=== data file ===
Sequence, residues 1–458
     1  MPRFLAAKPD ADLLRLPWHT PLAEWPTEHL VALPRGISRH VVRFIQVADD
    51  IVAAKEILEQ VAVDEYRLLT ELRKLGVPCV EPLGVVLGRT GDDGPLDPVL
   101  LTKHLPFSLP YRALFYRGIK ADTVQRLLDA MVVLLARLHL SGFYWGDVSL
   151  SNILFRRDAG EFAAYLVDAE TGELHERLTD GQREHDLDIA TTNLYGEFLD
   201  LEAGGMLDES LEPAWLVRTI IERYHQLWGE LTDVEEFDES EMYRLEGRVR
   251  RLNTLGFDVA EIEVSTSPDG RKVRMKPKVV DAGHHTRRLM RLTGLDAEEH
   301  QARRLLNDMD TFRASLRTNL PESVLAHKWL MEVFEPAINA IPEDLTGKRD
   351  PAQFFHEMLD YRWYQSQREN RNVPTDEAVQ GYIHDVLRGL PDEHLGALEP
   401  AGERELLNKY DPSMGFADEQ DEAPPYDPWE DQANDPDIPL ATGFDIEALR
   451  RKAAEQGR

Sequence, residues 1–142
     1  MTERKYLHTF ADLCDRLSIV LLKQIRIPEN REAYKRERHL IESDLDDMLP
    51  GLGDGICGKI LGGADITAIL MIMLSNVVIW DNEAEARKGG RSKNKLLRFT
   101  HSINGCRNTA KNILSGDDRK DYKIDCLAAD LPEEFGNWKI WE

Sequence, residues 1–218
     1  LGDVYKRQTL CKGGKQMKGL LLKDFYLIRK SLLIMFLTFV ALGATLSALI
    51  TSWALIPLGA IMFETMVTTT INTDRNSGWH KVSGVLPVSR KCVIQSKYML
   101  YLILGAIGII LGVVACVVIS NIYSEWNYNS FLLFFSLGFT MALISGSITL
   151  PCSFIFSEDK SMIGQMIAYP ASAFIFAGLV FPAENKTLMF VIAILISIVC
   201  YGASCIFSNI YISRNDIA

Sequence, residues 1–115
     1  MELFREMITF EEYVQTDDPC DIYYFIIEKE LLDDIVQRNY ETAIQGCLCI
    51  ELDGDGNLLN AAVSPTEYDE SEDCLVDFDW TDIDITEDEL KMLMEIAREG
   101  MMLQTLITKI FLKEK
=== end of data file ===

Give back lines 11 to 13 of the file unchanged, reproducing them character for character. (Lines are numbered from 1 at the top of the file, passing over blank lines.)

   451  RKAAEQGR

Sequence, residues 1–142
     1  MTERKYLHTF ADLCDRLSIV LLKQIRIPEN REAYKRERHL IESDLDDMLP